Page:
A friend who often proofreads these columns before submission, asked for a deeper explanation behind a reference to the “go-go” phase of retirement. Financial advisers may frame retirement in three phases: go-go, slow-go, and no-go.
“Go-go” refers to active retirees. They’re the ones off of a cruise ship in Antarctica sporting bright red parkas and climbing an ice- and snow-covered hill on the way to view a glacier. Or on a bespoke tour of Australia hiking a trail in the Outback. Hoofing it through European cities and villages on a Rick Steves tour. Still running the Peachtree Road Race after all these years. They’re the older walkers and runners in the park. The tennis and pickleball players at the senior center. The active volunteers. The helpers. They have money and the stamina to do what they wish and to serve others.
Invariably you slow down at some point. The slow-go phase of retirement may be precipitated by physical limitations and/or financial limitations. You can’t quite do what you did as a go-go retiree, certainly not with the same intensity.
There was a time when reaching old age was a definite achievement. Per Wikipedia, in 17th-century New England, about 40 percent of people died before reaching adulthood. Of the Founding Fathers, Ben Franklin lived to age 84. George Washington died at 67. Alexander Hamilton perished at 47 from a gunshot wound in a duel, an extreme form of cancel culture when people disagreed.
“No-go” reality is foretold in the Bible. In John 21:18, Jesus warns, “I tell you the truth, when you were younger you dressed yourself and went where you wanted; but when you are old you will stretch out your hands, and someone else will dress you and lead you where you do not want to go.’ Jesus said this to indicate the kind of death by which Peter would glorify God.” Anyone involved in caregiving understands this reality.
Women generally end up as caregivers to their husbands in the no-go stage of life. But a husband may be called upon to care for an ailing wife. Often, however, it’s daughters or sons in their 40s and 50s who step up to help an infirm mom, dad, widow, widower, grandparent or other loved one. Have in place up-to-date powers of attorney for assets and health care, advance directives, wills, and perhaps, a trust, to avoid frantic situations involving “now what?” You don’t roll up to a nursing facility or care home and check in the patient like it’s a Four Seasons hotel.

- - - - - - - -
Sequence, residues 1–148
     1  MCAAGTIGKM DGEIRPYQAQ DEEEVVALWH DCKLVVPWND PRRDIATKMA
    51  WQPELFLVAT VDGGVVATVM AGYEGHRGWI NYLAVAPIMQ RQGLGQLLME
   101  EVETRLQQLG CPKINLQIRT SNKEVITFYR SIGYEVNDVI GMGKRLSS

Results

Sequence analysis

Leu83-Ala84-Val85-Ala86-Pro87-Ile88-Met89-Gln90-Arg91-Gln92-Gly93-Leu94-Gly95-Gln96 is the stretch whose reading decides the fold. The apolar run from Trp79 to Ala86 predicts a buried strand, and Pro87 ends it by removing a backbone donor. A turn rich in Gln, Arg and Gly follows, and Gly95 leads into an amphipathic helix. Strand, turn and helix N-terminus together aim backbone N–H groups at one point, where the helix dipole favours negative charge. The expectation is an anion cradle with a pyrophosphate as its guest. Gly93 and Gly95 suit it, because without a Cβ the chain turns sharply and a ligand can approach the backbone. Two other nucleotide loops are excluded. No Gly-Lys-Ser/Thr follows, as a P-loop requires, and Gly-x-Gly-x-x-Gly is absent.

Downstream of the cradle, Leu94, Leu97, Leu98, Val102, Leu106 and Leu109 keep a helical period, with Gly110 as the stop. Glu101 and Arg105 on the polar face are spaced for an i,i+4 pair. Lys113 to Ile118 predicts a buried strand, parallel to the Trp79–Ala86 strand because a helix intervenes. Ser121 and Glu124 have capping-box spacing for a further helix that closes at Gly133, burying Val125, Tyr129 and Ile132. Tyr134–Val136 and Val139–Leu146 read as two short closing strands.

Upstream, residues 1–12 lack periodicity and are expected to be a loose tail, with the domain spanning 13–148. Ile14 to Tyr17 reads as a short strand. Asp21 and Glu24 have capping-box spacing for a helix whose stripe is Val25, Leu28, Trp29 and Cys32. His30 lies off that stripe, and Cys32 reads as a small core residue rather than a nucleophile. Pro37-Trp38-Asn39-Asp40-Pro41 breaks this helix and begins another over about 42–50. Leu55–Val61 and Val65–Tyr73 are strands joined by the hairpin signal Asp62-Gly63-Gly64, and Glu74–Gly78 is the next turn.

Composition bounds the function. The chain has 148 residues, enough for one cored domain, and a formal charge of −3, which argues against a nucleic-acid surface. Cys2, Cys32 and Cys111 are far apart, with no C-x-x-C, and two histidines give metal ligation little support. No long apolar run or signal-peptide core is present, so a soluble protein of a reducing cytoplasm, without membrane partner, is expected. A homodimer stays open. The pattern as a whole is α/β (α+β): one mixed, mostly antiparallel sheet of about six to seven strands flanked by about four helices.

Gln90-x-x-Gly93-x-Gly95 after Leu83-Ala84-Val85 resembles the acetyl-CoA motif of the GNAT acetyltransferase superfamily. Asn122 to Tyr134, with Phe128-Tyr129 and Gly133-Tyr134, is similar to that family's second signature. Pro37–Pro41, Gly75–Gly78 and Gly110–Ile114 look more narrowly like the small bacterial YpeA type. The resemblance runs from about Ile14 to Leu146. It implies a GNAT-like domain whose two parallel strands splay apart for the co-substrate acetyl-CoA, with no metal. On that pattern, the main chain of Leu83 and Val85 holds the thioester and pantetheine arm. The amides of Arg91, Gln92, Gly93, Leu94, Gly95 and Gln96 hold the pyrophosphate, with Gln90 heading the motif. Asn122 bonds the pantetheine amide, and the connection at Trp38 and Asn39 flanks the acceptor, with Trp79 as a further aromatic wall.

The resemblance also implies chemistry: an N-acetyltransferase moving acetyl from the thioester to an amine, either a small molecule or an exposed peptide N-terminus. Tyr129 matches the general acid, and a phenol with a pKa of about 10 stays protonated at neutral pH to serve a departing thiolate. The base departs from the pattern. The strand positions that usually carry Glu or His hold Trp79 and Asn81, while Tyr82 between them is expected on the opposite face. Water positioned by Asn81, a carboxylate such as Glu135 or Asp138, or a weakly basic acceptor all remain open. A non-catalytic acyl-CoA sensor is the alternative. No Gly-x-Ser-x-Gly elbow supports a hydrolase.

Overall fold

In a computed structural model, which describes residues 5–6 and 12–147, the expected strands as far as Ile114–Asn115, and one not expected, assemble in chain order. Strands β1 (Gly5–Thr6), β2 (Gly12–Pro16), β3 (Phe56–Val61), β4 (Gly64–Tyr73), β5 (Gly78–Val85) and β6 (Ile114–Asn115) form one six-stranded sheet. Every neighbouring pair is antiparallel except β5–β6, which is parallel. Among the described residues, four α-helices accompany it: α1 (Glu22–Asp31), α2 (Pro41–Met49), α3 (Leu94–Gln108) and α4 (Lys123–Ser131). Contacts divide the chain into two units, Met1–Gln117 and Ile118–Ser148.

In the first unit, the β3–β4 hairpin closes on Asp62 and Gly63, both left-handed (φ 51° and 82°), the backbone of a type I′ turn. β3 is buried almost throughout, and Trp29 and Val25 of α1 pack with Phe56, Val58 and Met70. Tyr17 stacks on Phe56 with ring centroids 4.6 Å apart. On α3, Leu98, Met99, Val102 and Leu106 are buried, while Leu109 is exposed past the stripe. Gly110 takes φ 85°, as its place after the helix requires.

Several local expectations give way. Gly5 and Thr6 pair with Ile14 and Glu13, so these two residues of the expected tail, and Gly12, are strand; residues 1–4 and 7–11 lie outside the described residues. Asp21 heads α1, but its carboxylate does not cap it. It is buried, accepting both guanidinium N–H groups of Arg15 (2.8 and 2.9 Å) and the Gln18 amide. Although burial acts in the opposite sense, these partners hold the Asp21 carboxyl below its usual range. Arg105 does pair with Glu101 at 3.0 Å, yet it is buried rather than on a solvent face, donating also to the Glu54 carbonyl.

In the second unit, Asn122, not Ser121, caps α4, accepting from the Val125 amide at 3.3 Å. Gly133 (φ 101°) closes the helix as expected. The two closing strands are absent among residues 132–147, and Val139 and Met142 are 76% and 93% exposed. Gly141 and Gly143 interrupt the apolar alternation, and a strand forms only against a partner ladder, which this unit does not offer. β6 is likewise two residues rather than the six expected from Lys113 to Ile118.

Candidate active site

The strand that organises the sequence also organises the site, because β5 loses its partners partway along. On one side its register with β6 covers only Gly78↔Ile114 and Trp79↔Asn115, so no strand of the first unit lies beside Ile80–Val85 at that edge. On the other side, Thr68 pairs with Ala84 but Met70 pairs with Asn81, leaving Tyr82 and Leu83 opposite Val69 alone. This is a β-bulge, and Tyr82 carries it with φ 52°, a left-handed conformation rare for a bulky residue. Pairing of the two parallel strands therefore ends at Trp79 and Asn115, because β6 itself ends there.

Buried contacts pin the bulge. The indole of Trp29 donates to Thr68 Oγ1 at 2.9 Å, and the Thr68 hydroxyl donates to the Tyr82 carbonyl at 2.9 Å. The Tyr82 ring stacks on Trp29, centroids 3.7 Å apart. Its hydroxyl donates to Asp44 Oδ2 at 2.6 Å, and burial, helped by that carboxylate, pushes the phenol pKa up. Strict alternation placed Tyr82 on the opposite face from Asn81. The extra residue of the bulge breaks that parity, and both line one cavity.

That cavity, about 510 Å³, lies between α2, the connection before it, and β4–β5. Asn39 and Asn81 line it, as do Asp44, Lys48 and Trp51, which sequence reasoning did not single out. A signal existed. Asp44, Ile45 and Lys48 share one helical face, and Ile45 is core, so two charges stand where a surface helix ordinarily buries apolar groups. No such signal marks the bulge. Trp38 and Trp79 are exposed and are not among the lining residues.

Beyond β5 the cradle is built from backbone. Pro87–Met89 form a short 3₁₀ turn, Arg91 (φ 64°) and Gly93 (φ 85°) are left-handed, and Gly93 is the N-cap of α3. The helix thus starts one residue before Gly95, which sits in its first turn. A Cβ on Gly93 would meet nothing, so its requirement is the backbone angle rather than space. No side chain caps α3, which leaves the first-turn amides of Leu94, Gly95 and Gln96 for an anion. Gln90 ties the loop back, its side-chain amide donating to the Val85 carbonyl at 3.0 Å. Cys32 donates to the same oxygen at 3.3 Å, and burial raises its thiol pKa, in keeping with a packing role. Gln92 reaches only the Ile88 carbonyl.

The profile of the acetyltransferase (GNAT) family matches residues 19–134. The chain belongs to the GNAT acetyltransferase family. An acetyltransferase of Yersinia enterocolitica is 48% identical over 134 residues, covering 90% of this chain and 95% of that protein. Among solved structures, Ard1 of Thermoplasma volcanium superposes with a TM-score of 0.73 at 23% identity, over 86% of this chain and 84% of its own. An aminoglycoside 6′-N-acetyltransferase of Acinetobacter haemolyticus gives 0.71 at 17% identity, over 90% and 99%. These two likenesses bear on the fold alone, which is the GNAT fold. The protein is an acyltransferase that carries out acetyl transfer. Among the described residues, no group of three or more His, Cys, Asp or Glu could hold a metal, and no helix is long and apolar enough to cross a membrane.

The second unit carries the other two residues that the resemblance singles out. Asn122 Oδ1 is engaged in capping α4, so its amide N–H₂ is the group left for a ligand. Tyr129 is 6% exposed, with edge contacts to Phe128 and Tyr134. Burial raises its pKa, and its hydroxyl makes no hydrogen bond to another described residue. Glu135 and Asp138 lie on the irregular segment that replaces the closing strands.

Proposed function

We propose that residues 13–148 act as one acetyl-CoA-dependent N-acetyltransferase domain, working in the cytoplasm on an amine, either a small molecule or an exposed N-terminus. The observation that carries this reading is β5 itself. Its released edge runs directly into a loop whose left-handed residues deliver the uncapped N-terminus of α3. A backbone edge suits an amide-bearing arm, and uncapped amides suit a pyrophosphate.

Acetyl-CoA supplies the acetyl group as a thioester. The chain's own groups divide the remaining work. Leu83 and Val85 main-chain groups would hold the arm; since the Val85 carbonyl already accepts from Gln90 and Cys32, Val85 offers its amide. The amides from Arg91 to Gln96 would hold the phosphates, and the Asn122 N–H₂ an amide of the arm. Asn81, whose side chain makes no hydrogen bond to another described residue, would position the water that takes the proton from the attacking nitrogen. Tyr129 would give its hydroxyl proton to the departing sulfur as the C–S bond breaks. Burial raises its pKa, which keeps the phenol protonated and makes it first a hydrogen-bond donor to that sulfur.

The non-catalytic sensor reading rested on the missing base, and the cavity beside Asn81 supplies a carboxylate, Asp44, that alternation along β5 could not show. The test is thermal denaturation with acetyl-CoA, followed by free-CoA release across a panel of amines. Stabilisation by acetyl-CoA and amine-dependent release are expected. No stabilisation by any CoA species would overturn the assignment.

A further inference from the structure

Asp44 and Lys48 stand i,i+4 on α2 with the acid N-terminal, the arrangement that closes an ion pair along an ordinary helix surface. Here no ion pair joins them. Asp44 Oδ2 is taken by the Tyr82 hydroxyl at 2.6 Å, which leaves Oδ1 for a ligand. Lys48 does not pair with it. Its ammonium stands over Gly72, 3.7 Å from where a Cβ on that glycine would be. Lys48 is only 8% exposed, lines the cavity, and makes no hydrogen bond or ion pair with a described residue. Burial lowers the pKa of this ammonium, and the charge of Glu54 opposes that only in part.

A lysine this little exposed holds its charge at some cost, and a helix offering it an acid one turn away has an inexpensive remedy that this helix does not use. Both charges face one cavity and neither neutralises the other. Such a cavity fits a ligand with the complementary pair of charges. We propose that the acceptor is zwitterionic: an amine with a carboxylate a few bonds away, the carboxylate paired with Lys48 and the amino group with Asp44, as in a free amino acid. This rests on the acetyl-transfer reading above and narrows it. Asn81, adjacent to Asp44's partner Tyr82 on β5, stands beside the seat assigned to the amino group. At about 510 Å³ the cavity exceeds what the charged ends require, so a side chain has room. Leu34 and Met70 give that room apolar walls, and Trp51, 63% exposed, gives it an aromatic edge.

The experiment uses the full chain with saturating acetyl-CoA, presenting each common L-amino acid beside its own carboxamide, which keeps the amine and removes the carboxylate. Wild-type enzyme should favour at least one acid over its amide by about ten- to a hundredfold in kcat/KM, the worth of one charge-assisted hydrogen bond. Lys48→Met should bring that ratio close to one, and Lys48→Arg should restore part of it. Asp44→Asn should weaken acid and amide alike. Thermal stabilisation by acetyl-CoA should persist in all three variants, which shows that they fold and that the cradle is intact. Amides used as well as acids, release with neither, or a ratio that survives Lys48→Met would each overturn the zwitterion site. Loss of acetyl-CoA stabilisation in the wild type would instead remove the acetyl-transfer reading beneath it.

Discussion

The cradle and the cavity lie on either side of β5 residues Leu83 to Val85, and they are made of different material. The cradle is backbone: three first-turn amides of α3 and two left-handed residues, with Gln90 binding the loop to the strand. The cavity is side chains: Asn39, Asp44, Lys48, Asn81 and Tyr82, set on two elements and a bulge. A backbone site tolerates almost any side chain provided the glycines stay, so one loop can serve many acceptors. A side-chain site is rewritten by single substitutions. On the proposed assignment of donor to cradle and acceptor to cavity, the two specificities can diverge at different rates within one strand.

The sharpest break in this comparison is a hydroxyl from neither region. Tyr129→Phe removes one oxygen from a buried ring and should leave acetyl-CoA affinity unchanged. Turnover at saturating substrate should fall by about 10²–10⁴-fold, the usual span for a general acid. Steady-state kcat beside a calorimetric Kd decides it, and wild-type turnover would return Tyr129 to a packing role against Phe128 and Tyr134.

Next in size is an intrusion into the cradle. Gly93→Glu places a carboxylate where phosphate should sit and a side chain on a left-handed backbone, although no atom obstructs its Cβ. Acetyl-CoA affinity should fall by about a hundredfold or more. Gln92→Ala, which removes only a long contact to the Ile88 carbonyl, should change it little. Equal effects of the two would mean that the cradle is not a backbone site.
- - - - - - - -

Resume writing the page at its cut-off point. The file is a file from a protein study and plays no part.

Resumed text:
The French poet Jean de La Fontaine advised, “Death never takes the wise man [or woman, we might add] by surprise, he [she] is always ready to go.” Have you prepared for “what if?” so you don’t wreck your spouse’s, daughter’s, or son’s life? If you have complex holdings, or real estate in different states, have you explored trust planning? If you’re a closely held business owner or key person in an enterprise, have you provided for succession in the event of disability or death?
Then again, live life without fear. Henry Van Dyke, Dutch-American poet, academic, and clergyman, observed, “Some people are so afraid to die, they never begin to live.” Clients sometimes ask their financial adviser, “Can I (we) afford to do so-in-so?”
A client, now deceased, wanted to take his family, along with a passel of grandchildren, on an Alaskan adventure, including a cruise. He said, “It’s gonna cost more than a new Mercedes.” I pointed out that a Mercedes ultimately will wear out, but the memories of the trip will last a lifetime! He and his wife talked about that experience over and over until they passed away, reveling in the fact that they had the means and gumption to do it.
One of the objectives of prudent and comprehensive financial planning is to help you live the life you want to live, now!!! It’s about setting a goal, figuring out what your dream will cost, and accumulating the capital to make it happen within your desired time frame. You may have to drive a used car or fly coach before you can buy that dream machine or fly first class. But the saddest thing in old age is to suffer from “shoulda, woulda, coulda” regrets.
“Dream achievement” often takes time, patience and discipline. “Hard dream accomplishment” is often far more rewarding than what comes easy. Consultant, coach, speaker and writer Matthew Kelly, in his book “The Dream Manager” said, “Dreams bring us to life. Dreams animate us, and what dreams do for individuals, they also do for relationships . . . and companies...The pursuit of dreams creates passion, energy, enthusiasm, and vitality...Every relationship improves when we are mindful of each other’s dreams.”
Financial planning is “dream management” in all stages of life.